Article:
Treatment Strategies for Recurrent Oral Aphthous Ulcers

Disclosures

Am J Health Syst Pharm. 2001;58(1) 

In This Article

Thalidomide

First introduced into the European market in 1957 as a sedative, thalidomide's use was halted in 1961 after it was linked to a rare congenital birth defect known as phocomelia.[43] Interest in thalidomide was renewed in 1980 after it was used successfully to treat erythema nodosum leprosum. This finding led to the study of thalidomide for various dermatologic disorders and exploration of thalidomide's anti-inflammatory and immunomodulatory properties.

In a study of healthy male volunteers, thalidomide demonstrated the ability to decrease the ratio of circulating helper T cells to suppressor T cells.[44] Thalidomide has also been found to inhibit the production of various cytokines as a result of its effects on T lymphocytes, monocytes, and polymorphonuclear cells. In vitro studies showed that thalidomide selectively inhibits the production of tumor necrosis factor (TNF- ), a cytokine that plays a central role in regulating immune and inflammatory responses to infection. Patients with erythema nodosum leprosum have elevated TNF- levels, which are highest during the lepra reactions.[43] Elevated TNF- has also been observed both locally and systemically in patients with RAU.[45,46] However, a recent study found that thalidomide actually increased circulating TNF- levels in HIV-seropositive patients with aphthous ulcers.[46] Whether it involves a generalized or specific cytokine regulatory pathway, thalidomide's exact mechanism of action in treating RAU remains unknown.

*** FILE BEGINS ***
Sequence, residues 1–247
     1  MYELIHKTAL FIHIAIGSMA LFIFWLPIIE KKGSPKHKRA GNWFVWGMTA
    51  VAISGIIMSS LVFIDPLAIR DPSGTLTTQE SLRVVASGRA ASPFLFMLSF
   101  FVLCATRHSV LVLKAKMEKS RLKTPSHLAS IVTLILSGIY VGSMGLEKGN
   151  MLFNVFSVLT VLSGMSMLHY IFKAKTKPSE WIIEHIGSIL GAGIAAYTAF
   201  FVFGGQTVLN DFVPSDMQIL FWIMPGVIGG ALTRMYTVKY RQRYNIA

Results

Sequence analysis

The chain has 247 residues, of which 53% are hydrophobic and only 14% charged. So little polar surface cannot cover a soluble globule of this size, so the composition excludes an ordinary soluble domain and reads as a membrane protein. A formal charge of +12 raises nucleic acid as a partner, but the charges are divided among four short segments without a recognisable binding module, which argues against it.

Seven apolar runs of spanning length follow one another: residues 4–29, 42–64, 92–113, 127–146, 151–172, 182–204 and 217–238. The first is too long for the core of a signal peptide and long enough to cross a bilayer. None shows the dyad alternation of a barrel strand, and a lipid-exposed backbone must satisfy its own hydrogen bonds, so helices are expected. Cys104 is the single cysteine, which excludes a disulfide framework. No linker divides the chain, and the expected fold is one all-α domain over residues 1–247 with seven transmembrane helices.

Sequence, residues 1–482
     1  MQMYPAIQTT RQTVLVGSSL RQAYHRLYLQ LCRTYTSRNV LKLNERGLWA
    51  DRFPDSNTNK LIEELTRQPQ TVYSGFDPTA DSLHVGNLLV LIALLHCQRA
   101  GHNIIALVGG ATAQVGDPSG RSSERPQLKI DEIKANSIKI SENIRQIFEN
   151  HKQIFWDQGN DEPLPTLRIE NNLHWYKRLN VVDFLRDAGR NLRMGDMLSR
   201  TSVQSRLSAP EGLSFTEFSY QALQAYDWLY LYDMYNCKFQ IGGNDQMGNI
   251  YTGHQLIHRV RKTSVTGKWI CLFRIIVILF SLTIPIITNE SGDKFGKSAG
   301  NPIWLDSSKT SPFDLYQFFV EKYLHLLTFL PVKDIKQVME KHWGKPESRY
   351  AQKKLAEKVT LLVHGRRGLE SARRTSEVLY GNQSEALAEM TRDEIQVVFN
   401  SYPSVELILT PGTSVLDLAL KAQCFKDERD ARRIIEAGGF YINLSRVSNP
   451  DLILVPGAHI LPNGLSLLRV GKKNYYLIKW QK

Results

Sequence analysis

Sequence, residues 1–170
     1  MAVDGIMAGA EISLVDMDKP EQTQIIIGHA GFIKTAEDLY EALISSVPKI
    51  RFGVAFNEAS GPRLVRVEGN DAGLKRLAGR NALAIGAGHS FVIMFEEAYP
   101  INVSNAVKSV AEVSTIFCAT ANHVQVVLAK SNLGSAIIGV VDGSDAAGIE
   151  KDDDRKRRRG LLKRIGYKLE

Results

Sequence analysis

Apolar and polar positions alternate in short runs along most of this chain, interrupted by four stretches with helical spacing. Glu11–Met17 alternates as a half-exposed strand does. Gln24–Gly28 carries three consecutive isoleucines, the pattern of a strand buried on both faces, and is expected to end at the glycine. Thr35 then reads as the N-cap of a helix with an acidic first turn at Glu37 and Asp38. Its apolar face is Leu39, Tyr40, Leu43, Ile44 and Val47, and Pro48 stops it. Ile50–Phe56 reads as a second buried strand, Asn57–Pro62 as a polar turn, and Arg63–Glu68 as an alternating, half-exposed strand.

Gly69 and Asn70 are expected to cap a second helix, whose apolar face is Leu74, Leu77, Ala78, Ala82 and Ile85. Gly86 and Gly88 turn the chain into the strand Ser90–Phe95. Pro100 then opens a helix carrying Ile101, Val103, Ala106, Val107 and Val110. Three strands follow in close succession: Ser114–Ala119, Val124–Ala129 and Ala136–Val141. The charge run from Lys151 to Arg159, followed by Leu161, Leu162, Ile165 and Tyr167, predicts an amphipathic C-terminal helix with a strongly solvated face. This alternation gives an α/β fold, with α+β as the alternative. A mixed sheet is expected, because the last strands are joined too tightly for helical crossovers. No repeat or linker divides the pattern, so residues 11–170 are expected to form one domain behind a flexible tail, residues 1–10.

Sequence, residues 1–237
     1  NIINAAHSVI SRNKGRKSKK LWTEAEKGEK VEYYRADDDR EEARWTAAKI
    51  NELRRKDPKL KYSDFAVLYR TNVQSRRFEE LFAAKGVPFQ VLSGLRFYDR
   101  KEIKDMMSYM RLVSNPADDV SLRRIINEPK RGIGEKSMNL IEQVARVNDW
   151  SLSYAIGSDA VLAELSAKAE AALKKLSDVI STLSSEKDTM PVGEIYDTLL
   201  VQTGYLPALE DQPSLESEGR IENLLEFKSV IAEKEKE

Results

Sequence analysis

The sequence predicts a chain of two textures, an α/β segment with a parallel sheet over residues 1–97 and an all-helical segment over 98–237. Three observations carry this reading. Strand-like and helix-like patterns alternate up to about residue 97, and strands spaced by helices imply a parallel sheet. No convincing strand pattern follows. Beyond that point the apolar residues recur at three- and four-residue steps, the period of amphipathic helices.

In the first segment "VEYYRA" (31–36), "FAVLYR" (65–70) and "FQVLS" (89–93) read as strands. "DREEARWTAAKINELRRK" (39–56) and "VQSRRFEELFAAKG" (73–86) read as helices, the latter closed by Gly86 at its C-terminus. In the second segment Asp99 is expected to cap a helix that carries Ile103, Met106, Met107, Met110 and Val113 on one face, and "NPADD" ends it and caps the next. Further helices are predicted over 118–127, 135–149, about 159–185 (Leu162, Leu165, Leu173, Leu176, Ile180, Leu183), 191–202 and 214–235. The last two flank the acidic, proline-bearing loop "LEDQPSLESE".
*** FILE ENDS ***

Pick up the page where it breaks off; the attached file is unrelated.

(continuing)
Three double-blind, placebo-controlled trials investigated the use of thalidomide for oral aphthous ulcers in patients with advanced HIV disease,[40] Behçet's syndrome,[41] or a history of severe RAU.[42] All the trials excluded patients taking medications that may alter immunocompetency,[40,41,42] and one trial excluded Behçet's syndrome and inflammatory bowel disease as alternative causes of RAU.[42]

In HIV-seropositive patients, aphthous ulcers were completely or partially resolved in 55% and 34%, respectively, of thalidomide-treated patients.[40] Complete and partial resolution rates for the placebo recipients were 7% and 18%, respectively. The thalidomide-treated patients had diminished pain, an improved ability to eat, and an average weight gain of four pounds in four weeks (compared with no weight gain in the placebo group). In patients with severe RAU, thalidomide treatment resulted in complete resolution of aphthae in 48% of patients (versus 9% of placebo recipients), significant reductions in the number of buccal aphthae, and improved function.[42] A total of 22% of patients with Behçet's syndrome who received thalidomide had complete resolution of oral ulcers, compared with none of the placebo recipients.[41] Thalidomide also reduced the number of minor oral and genital ulcers and the frequency of uveitis episodes that are commonly associated with Behçet's syndrome. Thalidomide was effective at dosages of 100 and 300 mg/day. Complete responses were seen as early as 3.5-6 weeks after the start of therapy.[40,41,42] The effects of thalidomide are suppressive, not disease modifying.[41,42] Once thalidomide was discontinued, the average duration of remission was 20 days.[42]

In the three trials, adverse effects of thalidomide resulted in the discontinuation or interruption of therapy in 6-26% of patients. The adverse events most frequently associated with thalidomide were neurosensory, gastrointestinal (GI), and cutaneous. Rash occurred in 24% and 32% of patients with Behçet's syndrome and HIV disease, respectively.[40,41] Constipation was the most common GI event, occurring in up to 65% of thalidomide-treated patients. Neurosensory effects included somnolence (24-87% of patients), headaches (up to 39%), and polyneuropathy (0- 6%). In a recent review of thalidomide use for dermatologic conditions, the frequency of peripheral neuropathy ranged from 21% to 50%.[43] The frequency may vary with the patient population studied, ranging from less than 1% in patients with erythema nodosum leprosum to greater than 70% in patients with prurigo nodularis.[43]

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